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Review of Enchantment by Julia Bird - Magma Issue 50

The Old Map Mutters and It Lies.

[...] Morley is a poet-advocate for a particular culture, but Enchantment takes delight in the immutable realities of folk culture: the world of nature and the ancient stories of Romany culture. Morley is an ecologist and naturalist, and he comes from a Romany family. This unique background allows him to fuse a delicate appreciation of nature with a sense of the immutable hardships of the folk who populate his poems. His use of form is decorous and subtle, often, like Shockley, using shape poems, though while Shockley’s forms are crafted to make political points, Morley’s reflect the materiality of patterns in nature or folk-art.

Enchantment begins with contemporary ramblers and dwellers, who express kinship and friendship through the shared joys or enchantments of nature. The narrator praises the ‘The Water Measurer’ (p.13), for example, who ‘tests and counts, counts and tests, in pinprick manoeuvres.’ These initial poems establish an unbreakable connection between human and natural worlds. ‘Proserpina’ (p. 21-22), uses the Roman myth of the fertile goddess who was kidnapped by Hades to consider a landfill, warning ‘It is true / what we waste bends back to grind us.’ (p. 21) Morley takes this thought a step further, however, imagining the landfill of human character:

if somebody takes against you
there’s no landfill can hide you or me, dig us, double-dig us
into cleansing soil.

The equating of human and natural eyesores asks questions about our attitudes both to the world and to ourselves, and it identifies physical or emotional landfill as a source of pain, guilt and shame.

Human suffering and human defiance are certainly significant in Enchantment, with many voices coming forward to tell their tales. ‘Hedgehurst’ (pp. 27-36) tells the story of a folkloric man-hedgehog who cannot fit completely into human or natural worlds; ‘Taken Away’ (pp. 37-38) describes infant loss through the legend of a fairy baby; while ‘The Circling Game’ (pp. 40-45) tells the tale of a man who tries to remake the Gypsy king’s daughter with a smithy’s tools. In poems like these, storytelling itself becomes a magical act, which enables solidarity and empathy. Morley’s speakers, however, are not always human. ‘The Lucy Poem’ (pp. 17-19) references William Wordworth’s ‘Lucy Poems’ and Morley’s epigraph to the book – ‘with rocks, and stones, and trees’ – quotes ‘A slumber did my spirit seal’, where Wordsworth imagines Lucy as an immortal slumberer joined with nature. Morley’s Lucy, however, is the skeleton of a great ape that walked upright like humans. Entering Lucy’s world of 3.2 million years ago, Morley imagines the cataclysmic changes which led to her kind’s extinction. Lucy’s perspective is uncannily human with its talk of ‘mother’s stories’ and ‘monkey-gods’. (p. 18) Such positioning suggests with foreboding that Lucy’s existence in a moment before environmental catastrophe is not so different to our own.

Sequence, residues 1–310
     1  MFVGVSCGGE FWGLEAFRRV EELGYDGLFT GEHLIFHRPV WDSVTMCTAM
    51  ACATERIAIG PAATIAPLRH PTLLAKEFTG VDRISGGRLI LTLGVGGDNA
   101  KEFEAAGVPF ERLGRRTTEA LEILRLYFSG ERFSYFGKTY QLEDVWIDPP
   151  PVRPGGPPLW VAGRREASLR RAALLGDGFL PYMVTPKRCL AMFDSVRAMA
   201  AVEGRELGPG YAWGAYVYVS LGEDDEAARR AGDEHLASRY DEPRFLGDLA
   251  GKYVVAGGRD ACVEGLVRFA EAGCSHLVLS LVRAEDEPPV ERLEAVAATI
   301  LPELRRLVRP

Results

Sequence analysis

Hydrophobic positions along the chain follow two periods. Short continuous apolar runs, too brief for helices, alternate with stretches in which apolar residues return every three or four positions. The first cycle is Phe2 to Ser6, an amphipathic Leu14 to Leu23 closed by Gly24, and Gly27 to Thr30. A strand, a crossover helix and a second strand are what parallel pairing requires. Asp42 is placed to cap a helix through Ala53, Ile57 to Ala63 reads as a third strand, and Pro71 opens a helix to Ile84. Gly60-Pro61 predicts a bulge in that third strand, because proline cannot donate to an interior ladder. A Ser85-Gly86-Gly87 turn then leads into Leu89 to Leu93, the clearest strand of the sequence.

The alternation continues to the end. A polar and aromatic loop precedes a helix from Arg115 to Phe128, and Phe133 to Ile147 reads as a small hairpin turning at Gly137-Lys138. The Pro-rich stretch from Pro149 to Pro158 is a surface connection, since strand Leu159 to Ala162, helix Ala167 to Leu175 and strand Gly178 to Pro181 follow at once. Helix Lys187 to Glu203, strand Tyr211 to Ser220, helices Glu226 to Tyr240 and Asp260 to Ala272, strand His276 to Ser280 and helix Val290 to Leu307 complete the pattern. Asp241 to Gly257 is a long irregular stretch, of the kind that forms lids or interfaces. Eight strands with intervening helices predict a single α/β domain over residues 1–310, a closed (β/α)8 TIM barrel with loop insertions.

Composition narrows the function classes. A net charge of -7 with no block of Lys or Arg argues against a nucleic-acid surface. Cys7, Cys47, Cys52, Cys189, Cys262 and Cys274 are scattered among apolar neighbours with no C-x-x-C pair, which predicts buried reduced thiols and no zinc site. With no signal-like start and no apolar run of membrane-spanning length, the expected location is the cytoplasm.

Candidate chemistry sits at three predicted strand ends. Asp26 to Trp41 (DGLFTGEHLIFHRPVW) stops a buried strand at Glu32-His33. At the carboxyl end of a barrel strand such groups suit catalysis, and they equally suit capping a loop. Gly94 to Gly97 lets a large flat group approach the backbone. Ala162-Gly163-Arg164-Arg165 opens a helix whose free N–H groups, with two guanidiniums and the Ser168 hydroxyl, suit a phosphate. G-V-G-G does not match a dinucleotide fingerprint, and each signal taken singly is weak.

offers a great number of poems with a curiously authentic female perspective, complementing the more masculine books of the trilogy (Morley’s earlier collections Scientific Papers and The Invisible Kings). Particularly moving is ‘The Library beneath the Harp’ (pp. 49-56), based on the life of the Romany poet Bronislawa Wajs, nicknamed Papusza, or doll. Morley maps Papusza’s story in Poland through World War Two and the forced settlement of the Roma in 1950. The poem begins and ends with Papusza ostracized for her passion for reading and writing and, defiant to the end, she imagines how in death she will ‘approach the abyss with my husband’s harp’ (p. 56).
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